Incoming attorney general Jeff Sessions said he still believed that Roe v Wade was a “colossal mistake” and the “most erroneous decision” from the Supreme Court.
Tom Price, the soon-to-be secretary of human health and services, opposes the Affordable Care Act and wants to retract the contraceptive coverage requirement, which has allowed millions of women to no copay access to contraception.
The new Department of Labour Secretary, Andy Puzder, has history in the 1980s of defending anti-abortion protesters and pushing anti-abortion legislation.
Although a key battle was won in Texas last summer – the Supreme Court struck down a bill that was trying to close down clinics – activists and campaigners are uncertain of the future.
The ACLU, in partnership with Planned Parenthood, filed its first wave of three lawsuits in three states last November, and is gearing up to file more across the US.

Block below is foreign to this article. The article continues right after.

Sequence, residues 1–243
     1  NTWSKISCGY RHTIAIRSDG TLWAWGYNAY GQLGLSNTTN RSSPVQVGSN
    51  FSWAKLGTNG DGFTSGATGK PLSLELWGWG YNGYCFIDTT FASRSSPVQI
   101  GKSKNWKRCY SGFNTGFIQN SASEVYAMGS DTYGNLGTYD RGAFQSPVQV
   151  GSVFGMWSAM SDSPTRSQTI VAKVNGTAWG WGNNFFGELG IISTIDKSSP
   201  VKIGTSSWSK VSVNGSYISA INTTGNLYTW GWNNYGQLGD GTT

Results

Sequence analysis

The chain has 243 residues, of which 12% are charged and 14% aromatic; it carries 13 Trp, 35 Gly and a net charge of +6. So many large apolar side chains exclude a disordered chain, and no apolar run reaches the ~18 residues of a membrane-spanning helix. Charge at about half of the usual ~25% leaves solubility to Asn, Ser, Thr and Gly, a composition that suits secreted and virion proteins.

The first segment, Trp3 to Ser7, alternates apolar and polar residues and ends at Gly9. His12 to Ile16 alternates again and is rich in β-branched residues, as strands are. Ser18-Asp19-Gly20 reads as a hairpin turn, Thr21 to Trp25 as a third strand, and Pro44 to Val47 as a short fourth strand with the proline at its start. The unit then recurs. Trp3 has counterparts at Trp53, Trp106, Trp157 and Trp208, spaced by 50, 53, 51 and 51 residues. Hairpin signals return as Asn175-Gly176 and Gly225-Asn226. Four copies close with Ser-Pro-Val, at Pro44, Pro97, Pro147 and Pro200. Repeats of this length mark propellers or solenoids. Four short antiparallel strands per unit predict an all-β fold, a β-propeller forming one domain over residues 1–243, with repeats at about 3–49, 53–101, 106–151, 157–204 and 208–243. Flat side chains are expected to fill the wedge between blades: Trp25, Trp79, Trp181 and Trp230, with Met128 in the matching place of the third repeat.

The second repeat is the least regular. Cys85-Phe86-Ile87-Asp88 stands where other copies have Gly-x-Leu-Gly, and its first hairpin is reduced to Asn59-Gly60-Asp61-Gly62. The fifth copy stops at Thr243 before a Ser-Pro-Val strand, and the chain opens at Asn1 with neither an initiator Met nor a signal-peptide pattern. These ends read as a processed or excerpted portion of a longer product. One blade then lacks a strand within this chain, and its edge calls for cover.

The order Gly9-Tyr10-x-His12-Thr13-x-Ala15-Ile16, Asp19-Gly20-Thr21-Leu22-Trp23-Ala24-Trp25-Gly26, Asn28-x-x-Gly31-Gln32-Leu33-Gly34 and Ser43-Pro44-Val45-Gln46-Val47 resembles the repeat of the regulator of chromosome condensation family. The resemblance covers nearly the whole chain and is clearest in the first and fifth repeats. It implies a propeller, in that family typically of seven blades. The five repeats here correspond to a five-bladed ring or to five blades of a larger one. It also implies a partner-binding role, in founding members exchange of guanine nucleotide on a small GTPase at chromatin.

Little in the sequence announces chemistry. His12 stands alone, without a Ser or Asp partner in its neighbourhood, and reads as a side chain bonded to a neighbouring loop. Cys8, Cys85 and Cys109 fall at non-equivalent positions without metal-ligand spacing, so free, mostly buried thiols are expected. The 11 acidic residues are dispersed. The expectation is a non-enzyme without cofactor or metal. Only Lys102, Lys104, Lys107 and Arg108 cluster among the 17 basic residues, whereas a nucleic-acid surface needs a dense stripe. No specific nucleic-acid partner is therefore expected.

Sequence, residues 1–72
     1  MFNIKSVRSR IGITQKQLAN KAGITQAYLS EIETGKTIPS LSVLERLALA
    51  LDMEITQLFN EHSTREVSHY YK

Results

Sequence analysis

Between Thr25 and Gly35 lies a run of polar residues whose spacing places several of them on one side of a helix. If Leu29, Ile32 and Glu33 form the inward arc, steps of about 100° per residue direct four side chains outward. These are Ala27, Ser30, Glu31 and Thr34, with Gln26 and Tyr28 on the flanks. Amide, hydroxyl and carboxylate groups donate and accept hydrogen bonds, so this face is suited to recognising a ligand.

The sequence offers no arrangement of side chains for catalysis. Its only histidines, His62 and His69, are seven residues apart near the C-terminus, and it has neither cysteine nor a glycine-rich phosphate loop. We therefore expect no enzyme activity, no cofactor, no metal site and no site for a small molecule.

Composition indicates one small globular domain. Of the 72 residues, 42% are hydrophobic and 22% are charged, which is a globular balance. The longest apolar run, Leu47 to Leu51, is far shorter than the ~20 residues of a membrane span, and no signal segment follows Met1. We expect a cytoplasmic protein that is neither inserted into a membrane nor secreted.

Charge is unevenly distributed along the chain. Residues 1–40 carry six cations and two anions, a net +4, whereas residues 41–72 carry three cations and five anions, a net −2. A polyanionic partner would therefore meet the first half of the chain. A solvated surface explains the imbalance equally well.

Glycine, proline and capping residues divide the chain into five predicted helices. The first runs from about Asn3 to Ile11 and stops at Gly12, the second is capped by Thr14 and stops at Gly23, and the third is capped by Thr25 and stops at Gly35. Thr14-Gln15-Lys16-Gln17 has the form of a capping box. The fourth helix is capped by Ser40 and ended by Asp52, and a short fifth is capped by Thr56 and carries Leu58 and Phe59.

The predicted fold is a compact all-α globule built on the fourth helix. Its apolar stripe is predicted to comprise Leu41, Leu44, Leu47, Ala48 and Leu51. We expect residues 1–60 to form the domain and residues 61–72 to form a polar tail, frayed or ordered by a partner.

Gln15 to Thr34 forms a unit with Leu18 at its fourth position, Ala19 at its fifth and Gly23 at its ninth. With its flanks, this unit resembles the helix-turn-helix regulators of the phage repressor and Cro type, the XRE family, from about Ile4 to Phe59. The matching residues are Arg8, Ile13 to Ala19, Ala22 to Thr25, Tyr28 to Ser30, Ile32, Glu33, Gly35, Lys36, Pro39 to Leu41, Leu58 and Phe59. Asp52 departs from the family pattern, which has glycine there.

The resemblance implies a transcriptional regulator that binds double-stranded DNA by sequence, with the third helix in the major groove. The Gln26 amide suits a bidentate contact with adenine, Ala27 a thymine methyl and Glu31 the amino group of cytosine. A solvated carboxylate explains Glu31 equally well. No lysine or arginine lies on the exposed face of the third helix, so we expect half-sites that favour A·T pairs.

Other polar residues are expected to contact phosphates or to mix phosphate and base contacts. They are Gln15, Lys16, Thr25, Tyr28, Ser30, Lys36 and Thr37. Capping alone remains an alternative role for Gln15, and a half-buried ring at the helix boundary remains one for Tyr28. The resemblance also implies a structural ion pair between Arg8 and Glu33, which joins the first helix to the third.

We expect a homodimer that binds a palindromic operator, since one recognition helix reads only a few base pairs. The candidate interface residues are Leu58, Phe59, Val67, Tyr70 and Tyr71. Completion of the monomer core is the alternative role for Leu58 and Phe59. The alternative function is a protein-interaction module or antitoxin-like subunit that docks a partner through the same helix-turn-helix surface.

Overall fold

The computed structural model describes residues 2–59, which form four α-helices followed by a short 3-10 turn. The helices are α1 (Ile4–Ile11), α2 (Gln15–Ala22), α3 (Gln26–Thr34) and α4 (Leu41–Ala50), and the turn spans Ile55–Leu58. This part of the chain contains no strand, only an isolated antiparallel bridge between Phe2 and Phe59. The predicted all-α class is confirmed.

“It’s hard to say where we will end up in four years’ time,” said Ms Friedrich-Karnik.
“I am alarmed and scared by all the threats we face. There will be rights to reproductive access that will be rolled back, whether it’s abortion or contraception, at the state and federal level. We will have some losses.
“But I am encouraged by the reaction since the election. I have seen so many people come forward who never have been involved before, so while I am scared about we will face, I’m also excited to see a movement which will rise up and fight.
“And the fight is far from over.”